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Vittorio Porciatti, Tsung-Han Chou, Xu Yang, Stanislav Tomarev; Transgenic mice expressing mutated Tyr437His human myocilin have progressive loss of retinal ganglion cell electrical responsiveness. Invest. Ophthalmol. Vis. Sci. 2013;54(15):799.
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To characterize retinal ganglion cell (RGC) function in a transgenic mouse model of open-angle glaucoma by expression of mutated human myocilin (Myoc) in the trabecular meshwork (Zhou et al, IOVS, 2008).
RGC electrical responsiveness was tested with pattern electroretinogram (PERG) in 8 Myoc-mice of different ages (4, 7, 10, and 13 months) under ketamine/xylazine anesthesia. PERGs were recorded from each eye in response to horizontal gratings of 0.05 cycles/deg and 100% contrast. Intraocular pressure (IOP) was measured with a Tonolab tonometer.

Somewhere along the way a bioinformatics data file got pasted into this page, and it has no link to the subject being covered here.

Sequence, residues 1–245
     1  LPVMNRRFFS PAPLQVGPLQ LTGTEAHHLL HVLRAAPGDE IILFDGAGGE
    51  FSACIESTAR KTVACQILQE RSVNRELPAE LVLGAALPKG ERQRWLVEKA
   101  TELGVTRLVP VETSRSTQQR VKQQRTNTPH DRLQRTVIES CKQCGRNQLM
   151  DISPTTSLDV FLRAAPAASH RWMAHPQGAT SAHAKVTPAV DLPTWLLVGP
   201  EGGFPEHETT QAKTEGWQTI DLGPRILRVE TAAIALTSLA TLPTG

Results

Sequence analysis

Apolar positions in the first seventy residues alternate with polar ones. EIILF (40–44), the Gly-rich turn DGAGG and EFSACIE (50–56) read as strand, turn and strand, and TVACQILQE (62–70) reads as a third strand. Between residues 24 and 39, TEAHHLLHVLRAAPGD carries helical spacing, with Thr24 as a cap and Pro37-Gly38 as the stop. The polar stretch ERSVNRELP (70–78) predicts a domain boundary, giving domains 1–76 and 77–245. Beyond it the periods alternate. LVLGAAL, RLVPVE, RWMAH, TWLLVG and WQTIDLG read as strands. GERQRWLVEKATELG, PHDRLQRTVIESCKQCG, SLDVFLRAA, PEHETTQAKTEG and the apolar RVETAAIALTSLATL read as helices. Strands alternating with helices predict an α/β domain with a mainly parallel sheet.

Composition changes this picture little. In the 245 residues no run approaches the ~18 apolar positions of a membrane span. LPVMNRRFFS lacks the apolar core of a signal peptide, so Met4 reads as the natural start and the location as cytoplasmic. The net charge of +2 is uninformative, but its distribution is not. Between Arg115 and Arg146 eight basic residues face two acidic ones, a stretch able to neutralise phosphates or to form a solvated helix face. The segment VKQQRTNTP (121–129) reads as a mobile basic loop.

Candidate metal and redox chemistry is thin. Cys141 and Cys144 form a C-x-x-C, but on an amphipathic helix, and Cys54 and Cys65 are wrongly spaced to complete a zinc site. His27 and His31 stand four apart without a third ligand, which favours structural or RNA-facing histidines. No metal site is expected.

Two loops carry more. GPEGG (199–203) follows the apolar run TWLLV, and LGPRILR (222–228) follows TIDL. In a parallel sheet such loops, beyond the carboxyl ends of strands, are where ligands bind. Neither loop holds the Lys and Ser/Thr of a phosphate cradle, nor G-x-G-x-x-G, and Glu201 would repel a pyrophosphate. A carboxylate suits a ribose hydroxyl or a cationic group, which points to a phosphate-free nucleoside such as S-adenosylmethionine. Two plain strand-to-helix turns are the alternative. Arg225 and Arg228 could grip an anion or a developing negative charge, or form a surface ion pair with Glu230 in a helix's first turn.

In 13 month-old Myoc mice, the PERG amplitude (mean 19.7 µV, SEM 2.1) and latency (mean 109.5 ms, SEM 7.8) were significantly different (P < 0.05) from the PERG amplitude (mean 28.1 µV, SEM 1.7) and latency (mean 81.7 ms, SEM 9.9) of 4 month-old mice. In contrast, PERGs of C57BL/6J mice aged 4 and 13 months had similar amplitudes and latencies. The IOP of older Myoc mice (19.0 mm Hg, SEM 0.7) tended to be higher than that of younger Myoc mice (17.9 mm Hg, SEM 1.05)-difference not significant.
Myoc mice display age-related changes in RGC electrical responsiveness associated with modest IOP elevation. Previous studies (Zhou et al., IOVS 2008) have shown in aged Myoc mice moderate RGC loss in the peripheral retina as well as moderate axonal degeneration in the optic nerve. As IOP, PERG and structural changes are also found in the early stages of human primary open angle glaucoma, Myoc mice may represent a useful genetic model for investigating this disease.
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